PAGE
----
Debian Weekly News - September 13th, 2005

Welcome to this year's 37th issue of DWN, the weekly newsletter for the Debian community. Wouter Verhelst noticed that the bug tracking system has gotten a new layout and even uses cascading style sheets like the main website. In an article Ian Murdock suggested Debian to concentrate on a tight release cycle and keeping the growing family of Debian derivatives united.

Debian UK Society. In March Steve McIntyre announced plans to found the Debian UK Society. There have been some resentments against it and against selling items at exhibitions, though, leading to a large discussion. Branden Robinson already worked on a revocable trademark license grant for Debian's name and logos usable by any local charitable affiliates.

Value of Debian GNU/Linux. The paper Measuring Libre Software studying the size of the source packages in Debian 3.1 calculates the size of sarge (close to 230 million lines of source code), the use of the various programming languages in which the software has been written, and the size of the packages included in the distribution. It also estimates cost to create something on the scale of Debian from scratch with a classical and well-known cost method (COCOMO) to be over 8 billion US dollar.

Supporting Testing Security. Joey Hess announced the beginning of full security support for Debian's testing distribution. The Debian testing security team has spent the past year building the team and creating infrastructure. Advisories for security fixes will only be announced for updates that are made available through the new repository and don't reach testing through normal propagation from unstable.

Team Maintenance. Wolfgang Borgert proposed as a conclusion of many discussions at DebConf5 to maintain all packages by teams and start projects at Alioth. John Goerzen liked the idea but suggested to move towards a more BSD approach, where any developer can commit changes to any package.

Old Documentation Links. Joey Hess identified 497 packages that still contain code in their postinst script to create links in /usr/doc/ which should have been a bug since 2002. Recompiling most of them with a current version of debhelper will remove that code. Henning Makholm added that several of these packages have been orphaned without changing their maintainer field to the QA team.

Planet Debian via Mailing List? Christoph Berg requested a mailing list to distribute the aggregated content of Planet Debian. Providing that service would recognise the relevance of Planet Debian to the Debian culture. Tollef Fog Heen, however, didn't want his feed to end up in a public mail archive somewhere.

Executable Example Files. Jörg Sommer proposed an example file to be executable. Clint Adams argued that the file must reside in /usr/bin to be executable. Marcelo Magallon suggested to write a wrapper script that will execute the example instead.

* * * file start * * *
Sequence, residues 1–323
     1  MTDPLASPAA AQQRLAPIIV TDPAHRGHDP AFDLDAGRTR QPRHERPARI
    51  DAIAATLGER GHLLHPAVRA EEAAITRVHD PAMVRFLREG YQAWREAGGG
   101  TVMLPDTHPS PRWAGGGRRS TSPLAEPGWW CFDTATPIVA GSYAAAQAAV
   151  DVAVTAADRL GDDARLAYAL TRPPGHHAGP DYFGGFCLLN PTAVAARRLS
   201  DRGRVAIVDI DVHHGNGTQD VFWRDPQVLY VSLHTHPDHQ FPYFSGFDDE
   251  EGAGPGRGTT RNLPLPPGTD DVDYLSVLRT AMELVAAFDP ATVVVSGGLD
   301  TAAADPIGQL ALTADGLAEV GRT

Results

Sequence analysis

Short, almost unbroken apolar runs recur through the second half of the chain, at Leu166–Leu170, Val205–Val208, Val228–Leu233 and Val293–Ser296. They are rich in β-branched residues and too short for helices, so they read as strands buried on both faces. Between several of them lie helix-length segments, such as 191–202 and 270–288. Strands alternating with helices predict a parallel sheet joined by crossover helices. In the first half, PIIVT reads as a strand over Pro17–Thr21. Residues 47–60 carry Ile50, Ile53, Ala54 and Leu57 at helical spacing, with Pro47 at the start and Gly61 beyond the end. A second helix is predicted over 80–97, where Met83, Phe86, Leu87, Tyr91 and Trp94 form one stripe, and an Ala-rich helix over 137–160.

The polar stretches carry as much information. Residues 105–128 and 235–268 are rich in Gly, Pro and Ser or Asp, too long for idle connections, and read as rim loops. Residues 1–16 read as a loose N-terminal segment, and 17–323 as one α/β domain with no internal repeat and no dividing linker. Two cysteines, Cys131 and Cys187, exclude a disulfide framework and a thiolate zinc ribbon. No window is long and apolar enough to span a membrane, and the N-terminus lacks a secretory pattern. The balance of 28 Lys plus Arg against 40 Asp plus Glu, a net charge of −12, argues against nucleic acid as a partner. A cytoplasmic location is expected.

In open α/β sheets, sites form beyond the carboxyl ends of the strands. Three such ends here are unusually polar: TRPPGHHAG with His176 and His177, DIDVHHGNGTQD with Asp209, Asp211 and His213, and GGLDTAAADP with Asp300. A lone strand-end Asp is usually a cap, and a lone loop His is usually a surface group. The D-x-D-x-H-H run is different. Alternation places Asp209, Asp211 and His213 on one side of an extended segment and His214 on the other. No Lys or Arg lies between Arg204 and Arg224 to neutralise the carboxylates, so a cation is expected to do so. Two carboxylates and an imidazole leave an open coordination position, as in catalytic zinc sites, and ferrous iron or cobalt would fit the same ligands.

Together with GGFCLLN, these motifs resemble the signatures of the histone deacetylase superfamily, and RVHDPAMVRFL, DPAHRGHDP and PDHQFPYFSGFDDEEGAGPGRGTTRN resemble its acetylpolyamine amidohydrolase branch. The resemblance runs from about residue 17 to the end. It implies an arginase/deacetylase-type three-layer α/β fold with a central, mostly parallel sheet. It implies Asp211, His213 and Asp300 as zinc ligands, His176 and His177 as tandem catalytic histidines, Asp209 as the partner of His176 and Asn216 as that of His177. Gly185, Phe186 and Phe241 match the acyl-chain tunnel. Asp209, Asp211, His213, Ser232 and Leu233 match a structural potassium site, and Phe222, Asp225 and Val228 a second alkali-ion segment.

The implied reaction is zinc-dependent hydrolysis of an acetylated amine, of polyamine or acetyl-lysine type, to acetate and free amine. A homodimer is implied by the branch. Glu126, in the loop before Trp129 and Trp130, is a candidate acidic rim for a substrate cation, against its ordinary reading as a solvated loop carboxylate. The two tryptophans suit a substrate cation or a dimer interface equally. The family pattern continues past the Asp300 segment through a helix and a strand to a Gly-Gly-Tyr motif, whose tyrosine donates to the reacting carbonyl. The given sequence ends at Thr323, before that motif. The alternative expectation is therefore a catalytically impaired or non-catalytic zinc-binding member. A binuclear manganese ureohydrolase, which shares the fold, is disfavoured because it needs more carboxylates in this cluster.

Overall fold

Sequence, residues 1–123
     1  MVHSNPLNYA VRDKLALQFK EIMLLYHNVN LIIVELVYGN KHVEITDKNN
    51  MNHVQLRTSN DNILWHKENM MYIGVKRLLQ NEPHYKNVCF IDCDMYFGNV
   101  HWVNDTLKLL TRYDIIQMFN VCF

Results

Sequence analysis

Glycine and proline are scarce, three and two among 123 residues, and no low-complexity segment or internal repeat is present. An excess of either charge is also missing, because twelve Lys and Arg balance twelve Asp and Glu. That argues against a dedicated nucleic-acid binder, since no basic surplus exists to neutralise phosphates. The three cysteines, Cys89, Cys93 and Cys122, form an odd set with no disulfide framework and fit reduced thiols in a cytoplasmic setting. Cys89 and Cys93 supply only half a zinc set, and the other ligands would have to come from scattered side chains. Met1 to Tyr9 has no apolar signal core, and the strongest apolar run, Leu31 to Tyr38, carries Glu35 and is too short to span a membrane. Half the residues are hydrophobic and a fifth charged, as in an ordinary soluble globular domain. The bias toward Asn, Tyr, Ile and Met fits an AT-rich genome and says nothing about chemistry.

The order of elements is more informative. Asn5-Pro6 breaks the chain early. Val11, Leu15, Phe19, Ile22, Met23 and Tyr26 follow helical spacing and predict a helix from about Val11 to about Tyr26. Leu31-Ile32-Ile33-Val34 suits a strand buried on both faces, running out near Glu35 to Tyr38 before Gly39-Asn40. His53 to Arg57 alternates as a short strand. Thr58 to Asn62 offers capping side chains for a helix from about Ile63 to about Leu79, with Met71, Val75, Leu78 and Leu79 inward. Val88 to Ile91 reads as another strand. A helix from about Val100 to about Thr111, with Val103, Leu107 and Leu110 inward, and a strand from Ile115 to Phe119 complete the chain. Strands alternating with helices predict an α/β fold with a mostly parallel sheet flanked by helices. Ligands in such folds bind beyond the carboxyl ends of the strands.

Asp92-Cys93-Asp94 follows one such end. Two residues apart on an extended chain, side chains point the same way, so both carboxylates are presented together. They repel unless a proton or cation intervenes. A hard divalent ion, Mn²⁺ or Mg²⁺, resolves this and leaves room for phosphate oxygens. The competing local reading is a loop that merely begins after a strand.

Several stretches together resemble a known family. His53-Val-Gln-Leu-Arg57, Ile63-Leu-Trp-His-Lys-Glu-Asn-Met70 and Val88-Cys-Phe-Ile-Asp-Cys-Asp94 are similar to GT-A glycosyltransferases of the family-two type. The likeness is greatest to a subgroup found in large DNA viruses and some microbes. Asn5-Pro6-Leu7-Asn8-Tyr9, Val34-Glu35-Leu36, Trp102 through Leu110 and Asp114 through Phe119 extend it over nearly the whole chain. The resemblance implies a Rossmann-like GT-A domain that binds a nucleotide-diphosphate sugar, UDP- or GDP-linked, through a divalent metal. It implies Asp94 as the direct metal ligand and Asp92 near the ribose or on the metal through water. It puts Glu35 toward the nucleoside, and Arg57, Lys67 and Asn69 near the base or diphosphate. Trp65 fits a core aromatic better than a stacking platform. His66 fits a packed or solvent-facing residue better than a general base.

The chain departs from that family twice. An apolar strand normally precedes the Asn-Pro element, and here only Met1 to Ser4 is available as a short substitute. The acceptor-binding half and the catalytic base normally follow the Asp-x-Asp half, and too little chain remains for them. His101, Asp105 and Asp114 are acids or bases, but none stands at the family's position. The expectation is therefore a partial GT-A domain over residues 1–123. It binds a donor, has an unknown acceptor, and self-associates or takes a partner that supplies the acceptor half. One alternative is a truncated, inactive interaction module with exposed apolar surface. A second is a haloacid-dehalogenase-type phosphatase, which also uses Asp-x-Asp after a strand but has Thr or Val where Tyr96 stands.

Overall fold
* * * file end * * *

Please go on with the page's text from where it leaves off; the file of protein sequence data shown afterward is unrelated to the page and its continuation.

Debian Package Sponsor Platform. Neil McGovern announced that intends to help prospective Debian developers to find a sponsor for the packages they maintain. The site supports automatic updates of intent-to-package bugs when the package has been uploaded and notification of maintainers when a package has been sponsored.

Beta Version Package Versioning. Lars Bahner noticed that the final version of a package is considered a lower version number than the beta version and wondered how to cope with it. Robert Collins suggested to use the low-priority tilde delimiter in such cases, although for the current version this is too late already and it is also not yet available.

Source-only Package Uploads. Sven Luther suggested all packages to be built by the buildd network. Wouter Verhelst reported that many developers would not even test their packages when source-only uploads were permitted. Henrique Holschuh had the idea to work around this by throwing away the maintainer-supplied packages and letting a buildd compile them again.

Usertags for Bug Reports. Anthony Towns announced the availability of user tags for the bug tracking system and explained uses and ways to display bugs according to the supplied tags. Marc Brockschmidt added such tags in order to be able to track QA related bugs easier.

Security Updates. You know the drill. Please make sure that you update your systems if you have any of these packages installed.

New or Noteworthy Packages. The following packages were added to the unstable Debian archive recently or contain important updates.

Orphaned Packages. 5 packages were orphaned this week and require a new maintainer. This makes a total of 184 orphaned packages. Many thanks to the previous maintainers who contributed to the Free Software community. Please see the WNPP pages for the full list, and please add a note to the bug report and retitle it to ITA: if you plan to take over a package.

Removed Packages. 17 packages have been removed from the Debian archive during the past week:

Want to continue reading DWN? Please help us create this newsletter. We still need more volunteer writers who watch the Debian community and report about what is going on. Please see the contributing page to find out how to help. We're looking forward to receiving your mail at

To receive this newsletter weekly in your mailbox, subscribe to the debian-news mailing list.

Back issues of this newsletter are available.

This issue of Debian Weekly News was edited by Jesus Gonzalez-Barahona and Martin 'Joey' Schulze.